A jury trial commenced 5 months later on September 19, 2003. During the opening statement, counsel for the State commented on the events leading up to the jury trial. She told the jury that Foster's case was reviewed by a "committee called a multidisciplinary team" that reviewed Foster's records, as well as his social and criminal history, and thereafter made a determination as to whether he was at risk to reoffend. Counsel explained that the case was passed on to a "prosecutor's committee" composed of several attorneys who made a determination based on the records and psychologists' opinions as to whether Foster was at risk to reoffend. Counsel told the jury that afterward, a probable cause hearing was held where a judge found enough evidence to go forward under the KSVPA.

Two witnesses testified for the State: Rex Rosenberg, a licensed master's level psychologist and licensed clinical psychologist at the Hospital, and J.L.L. Fernando, M.D., a board-certified psychiatrist at the Hospital. Foster called no witnesses and put on no evidence, electing to force the State to simply make its case. He also made only two objections: to the admission of the Hospital report and to a jury instruction, as explained later in the opinion.

Rosenberg testified first, as follows.

When the assistant attorney general asked about the screening process respondents go through, Rosenberg responded:

"A: Well, before they leave the prison system, the clinical services evaluation is completed by clinicians in that system and then [1] the information on each person who has been convicted of and incarcerated for a sex offense goes along to the multidisciplinary team. They do a review of the information and make a determination whether they see the person as a high risk to offend, and then [2] the information goes along to the prosecutor's review committee and that group reviews it and then if that group decides to proceed, the next step is [3] the probable cause hearing; and if the person makes it through all of those steps, the final step would be an order to the state security hospital for this evaluation."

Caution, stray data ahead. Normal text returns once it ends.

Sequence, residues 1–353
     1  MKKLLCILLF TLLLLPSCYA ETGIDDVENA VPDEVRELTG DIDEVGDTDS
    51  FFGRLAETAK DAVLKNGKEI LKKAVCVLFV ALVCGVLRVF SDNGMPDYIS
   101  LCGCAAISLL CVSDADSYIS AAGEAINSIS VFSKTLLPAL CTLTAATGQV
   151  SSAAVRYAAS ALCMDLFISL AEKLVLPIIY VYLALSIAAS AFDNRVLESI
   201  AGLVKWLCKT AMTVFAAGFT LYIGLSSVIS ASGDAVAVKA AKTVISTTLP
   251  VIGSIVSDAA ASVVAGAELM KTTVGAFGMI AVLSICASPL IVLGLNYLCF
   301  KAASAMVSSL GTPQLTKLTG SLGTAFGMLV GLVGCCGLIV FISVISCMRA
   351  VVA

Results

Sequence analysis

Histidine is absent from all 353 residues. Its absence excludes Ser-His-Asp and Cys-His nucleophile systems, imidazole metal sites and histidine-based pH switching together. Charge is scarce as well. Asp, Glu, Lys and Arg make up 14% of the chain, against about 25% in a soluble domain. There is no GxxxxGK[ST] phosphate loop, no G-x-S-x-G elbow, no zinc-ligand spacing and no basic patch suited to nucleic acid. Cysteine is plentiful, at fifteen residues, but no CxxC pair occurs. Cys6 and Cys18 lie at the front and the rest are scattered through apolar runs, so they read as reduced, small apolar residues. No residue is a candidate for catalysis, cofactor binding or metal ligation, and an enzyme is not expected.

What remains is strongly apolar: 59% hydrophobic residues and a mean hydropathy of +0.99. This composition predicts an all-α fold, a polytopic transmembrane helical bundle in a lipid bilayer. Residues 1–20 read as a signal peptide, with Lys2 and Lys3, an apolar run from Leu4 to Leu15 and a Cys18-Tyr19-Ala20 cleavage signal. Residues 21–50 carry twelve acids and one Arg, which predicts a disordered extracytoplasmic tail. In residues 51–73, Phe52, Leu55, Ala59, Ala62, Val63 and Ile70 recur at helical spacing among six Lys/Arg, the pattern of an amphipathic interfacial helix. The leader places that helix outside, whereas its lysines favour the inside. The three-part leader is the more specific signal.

Rosenberg participated in the evaluation of Foster and prepared the 25-page Hospital report with Dr. Fernando. He testified regarding his evaluation of Foster, including the procedure utilized and the documents and literature he relied upon. Rosenberg interviewed Foster for approximately 6 hours and 20 minutes and testified at length about Foster's history of sexual behavior and sexual offenses.

Foster informed Rosenberg that when he was 5 years old, he was molested by a 12-year-old boy. At the same age, Foster's father forced anal sex upon him. Foster admitted to Rosenberg that when he was 14 years old, his 4-year-old niece performed oral sex on him. Afterwards, he forced her to engage in anal sex.

Between the ages of 16 and 42, Foster had sexual contact with 15 adult women of roughly the same age. Foster married five of these women.

In 1985, Foster was charged in Texas with indecency with a child based on allegations of sexual intercourse with a 7-year-old girl. When asked about the incident, Foster stated that he had been charged with sexual assault, but that the witnesses failed to appear. Foster spent 6 months in prison, but was later released.

From 1986 to 1989, Foster was married to a woman in Montana. He was charged with sexually molesting her two young girls. Foster acknowledged that it was possible the allegations were true.

In 1993, Foster was convicted of two counts of aggravated incest for acts of oral sex and fondling involving two minor females, ages 4 and 6. He was married to the victims' mother at the time. Also in 1993, Foster was convicted of attempted aggravated sexual battery for incidents of sexual contact with a young girl who was a friend of his oldest stepdaughter.

Foster told Rosenberg that after he began having sexual fantasies about his stepdaughters, he initiated wrestling in order to touch them vaginally. He eventually masturbated the girls and had them masturbate him and perform oral sex on him. Foster also acknowledged that he penetrated the older girl with his penis. He felt justified in molesting the girls because he learned that they had been molested by their father.

Although Foster acknowledged several instances of sexual behavior with minors, he told Rosenberg that he did not believe he was a danger to children anymore. Rosenberg testified, however, that he believed Foster viewed young girls as sex toys and was aroused by them. According to Rosenberg, Foster thought he was merely teaching the girls to be better sex partners. Rosenberg did not believe Foster showed remorse for his past actions. While Rosenberg thought that Foster was candid during some of the interview, he also believed that Foster omitted information at times.

In 1994, Foster completed a sex offender treatment program in prison. Further, as a condition of his parole in 1998, Foster was required to successfully complete an outpatient sex offender after-care program. Although he participated in the program for 2 years, he was eventually terminated from the program for lack of progress. Due to his lack of progress in the program, Foster's parole was revoked in August of 2000.